On Thursday, January 28, the Committee held a hearing on HB 2114, which would establish the Kansas Senior Care Task Force. Proponents of the bill supported the membership decisions and the need to have this group convene and develop solutions. Neutral conferees of the bill discussed the lack of consumer voice and imbalance in the number of institutional compared to consumer-based organizations, and the need to consider lessons-learned from COVID-19. There were no opponents. Committee members asked questions about adding a consumer to the task force and whether the membership could be expanded.
House Social Services Budget
(Rep. Will Carpenter, Chair)
On Monday, January 25, the Committee received an overview of the budgets for KDHE, DCF and KDADS. The Kansas Legislative Research Department (KLRD) provided an overview of the Human Services Caseload estimates, which estimate the enrollment and utilization of Kansas entitlement programs and are a large part of the budget for KDHE, KDADS and part of DCF. KLRD also presented high-level overviews of the KDHE, DCF and KDADS budgets. The Committee will examine each budget in greater detail during the coming weeks before ultimately making recommendations to the House Appropriations Committee. Chair Carpenter noted that the estimates for various funds stated in the budget will likely change by the time the Committee works it.
On Wednesday, January 27, the Committee held an informational hearing on nursing facilities and state hospitals in Kansas. KDADS presented a high-level overview of the Nursing Facility Program in Kansas and reported there are currently 326 licensed nursing facilities in Kansas. KDADS Deputy Secretary Scott Brunner described the survey and certification program for nursing facilities and also discussed current priorities and past issues with required adult care home infection control surveys during the COVID-19 pandemic, which has disrupted regular survey activities.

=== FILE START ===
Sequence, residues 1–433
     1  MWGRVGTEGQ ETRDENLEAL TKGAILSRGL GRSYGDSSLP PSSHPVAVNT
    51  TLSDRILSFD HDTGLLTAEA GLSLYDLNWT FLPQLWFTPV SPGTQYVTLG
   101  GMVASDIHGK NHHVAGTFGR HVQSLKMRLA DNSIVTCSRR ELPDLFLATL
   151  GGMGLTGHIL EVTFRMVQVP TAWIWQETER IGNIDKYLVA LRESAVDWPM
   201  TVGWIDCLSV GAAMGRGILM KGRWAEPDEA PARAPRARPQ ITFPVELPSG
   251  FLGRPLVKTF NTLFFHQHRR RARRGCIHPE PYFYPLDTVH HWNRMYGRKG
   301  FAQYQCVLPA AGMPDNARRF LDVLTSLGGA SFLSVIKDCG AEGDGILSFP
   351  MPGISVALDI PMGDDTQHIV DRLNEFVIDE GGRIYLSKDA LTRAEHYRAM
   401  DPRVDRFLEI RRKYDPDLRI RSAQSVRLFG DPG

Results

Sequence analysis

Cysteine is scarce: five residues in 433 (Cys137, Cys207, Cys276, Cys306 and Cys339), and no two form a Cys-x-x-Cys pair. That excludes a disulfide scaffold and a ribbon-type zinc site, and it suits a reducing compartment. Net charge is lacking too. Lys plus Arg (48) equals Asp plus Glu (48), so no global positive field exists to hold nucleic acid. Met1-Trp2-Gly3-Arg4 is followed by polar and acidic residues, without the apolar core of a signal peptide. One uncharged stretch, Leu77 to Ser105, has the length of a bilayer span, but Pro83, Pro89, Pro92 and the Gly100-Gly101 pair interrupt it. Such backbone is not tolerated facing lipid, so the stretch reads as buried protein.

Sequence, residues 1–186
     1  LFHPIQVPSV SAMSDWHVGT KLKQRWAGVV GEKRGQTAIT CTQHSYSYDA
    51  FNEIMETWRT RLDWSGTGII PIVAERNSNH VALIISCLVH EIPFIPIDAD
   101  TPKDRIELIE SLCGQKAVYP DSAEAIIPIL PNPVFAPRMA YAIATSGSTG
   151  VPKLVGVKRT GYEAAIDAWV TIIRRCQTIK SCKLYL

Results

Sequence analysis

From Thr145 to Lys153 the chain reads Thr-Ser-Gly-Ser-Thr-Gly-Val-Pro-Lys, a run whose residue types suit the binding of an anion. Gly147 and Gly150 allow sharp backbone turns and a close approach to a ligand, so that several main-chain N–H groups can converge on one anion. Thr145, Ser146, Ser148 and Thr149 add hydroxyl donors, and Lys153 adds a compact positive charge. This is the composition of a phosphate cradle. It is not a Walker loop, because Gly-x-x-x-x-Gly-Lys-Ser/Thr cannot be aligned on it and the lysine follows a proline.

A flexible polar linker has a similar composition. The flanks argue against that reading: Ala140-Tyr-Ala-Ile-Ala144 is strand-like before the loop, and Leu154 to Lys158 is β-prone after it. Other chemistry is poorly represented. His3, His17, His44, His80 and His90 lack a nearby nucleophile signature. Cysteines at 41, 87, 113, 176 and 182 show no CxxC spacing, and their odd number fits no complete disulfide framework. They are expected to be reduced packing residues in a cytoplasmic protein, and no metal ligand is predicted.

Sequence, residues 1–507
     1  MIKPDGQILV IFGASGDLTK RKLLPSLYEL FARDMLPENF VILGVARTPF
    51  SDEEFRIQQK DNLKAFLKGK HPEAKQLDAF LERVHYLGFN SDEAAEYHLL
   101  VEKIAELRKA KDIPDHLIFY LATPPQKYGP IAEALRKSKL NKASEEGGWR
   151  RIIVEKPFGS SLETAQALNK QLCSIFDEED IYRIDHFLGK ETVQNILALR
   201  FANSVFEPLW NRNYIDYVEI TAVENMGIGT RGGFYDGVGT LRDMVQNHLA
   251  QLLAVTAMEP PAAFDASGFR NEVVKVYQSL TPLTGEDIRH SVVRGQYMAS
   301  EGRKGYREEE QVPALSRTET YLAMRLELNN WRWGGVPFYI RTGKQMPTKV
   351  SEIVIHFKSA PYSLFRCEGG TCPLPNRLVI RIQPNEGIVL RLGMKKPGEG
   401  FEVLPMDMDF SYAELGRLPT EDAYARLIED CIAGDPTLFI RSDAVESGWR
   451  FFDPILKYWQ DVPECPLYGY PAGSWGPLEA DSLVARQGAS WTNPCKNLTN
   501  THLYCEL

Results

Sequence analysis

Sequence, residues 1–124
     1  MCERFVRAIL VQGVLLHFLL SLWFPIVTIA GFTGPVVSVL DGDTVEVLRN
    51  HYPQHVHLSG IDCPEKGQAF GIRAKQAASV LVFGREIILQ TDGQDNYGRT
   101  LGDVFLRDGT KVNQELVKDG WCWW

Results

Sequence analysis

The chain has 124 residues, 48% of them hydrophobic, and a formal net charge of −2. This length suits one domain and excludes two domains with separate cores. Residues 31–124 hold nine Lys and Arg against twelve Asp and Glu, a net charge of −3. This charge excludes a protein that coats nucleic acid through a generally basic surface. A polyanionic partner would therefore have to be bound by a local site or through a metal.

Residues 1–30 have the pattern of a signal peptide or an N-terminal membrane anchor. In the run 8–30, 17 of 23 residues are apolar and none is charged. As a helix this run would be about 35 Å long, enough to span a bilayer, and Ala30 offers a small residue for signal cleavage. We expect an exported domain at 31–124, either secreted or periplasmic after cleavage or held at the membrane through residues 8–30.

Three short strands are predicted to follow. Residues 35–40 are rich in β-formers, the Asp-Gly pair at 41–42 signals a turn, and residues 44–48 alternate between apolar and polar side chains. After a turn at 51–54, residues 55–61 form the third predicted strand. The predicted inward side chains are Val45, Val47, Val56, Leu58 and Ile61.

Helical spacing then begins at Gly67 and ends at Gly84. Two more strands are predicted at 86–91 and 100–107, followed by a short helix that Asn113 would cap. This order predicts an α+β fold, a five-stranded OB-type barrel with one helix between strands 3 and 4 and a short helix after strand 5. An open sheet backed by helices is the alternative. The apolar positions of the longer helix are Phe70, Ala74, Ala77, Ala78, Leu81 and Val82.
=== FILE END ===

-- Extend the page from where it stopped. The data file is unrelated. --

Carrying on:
Deputy Secretary Brunner also provided a state hospital overview and discussed turnover and vacancy rates, as well as key points regarding state hospital funding, and then provided in-depth information on each of the hospitals and issues facing state hospitals, including moratoriums on admissions; staff recruiting and retention; and capacity for sexual predator treatment. He also responded to Committee member questions about detainee eligibility for the state security program, changing needs for aging populations, and supervision of those released from the sexual predator treatment program.
House Federal and State Affairs
(Rep. John Barker, Chair)